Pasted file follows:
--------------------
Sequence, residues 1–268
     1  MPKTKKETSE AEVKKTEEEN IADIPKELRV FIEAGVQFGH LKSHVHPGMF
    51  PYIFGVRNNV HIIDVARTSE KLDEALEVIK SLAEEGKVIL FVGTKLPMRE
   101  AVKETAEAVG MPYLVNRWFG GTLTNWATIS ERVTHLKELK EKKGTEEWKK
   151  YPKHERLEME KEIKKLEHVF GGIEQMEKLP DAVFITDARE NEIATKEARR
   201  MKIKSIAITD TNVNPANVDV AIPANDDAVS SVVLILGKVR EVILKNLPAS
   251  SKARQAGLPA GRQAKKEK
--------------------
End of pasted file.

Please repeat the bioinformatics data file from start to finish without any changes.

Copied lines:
Sequence, residues 1–268
     1  MPKTKKETSE AEVKKTEEEN IADIPKELRV FIEAGVQFGH LKSHVHPGMF
    51  PYIFGVRNNV HIIDVARTSE KLDEALEVIK SLAEEGKVIL FVGTKLPMRE
   101  AVKETAEAVG MPYLVNRWFG GTLTNWATIS ERVTHLKELK EKKGTEEWKK
   151  YPKHERLEME KEIKKLEHVF GGIEQMEKLP DAVFITDARE NEIATKEARR
   201  MKIKSIAITD TNVNPANVDV AIPANDDAVS SVVLILGKVR EVILKNLPAS
   251  SKARQAGLPA GRQAKKEK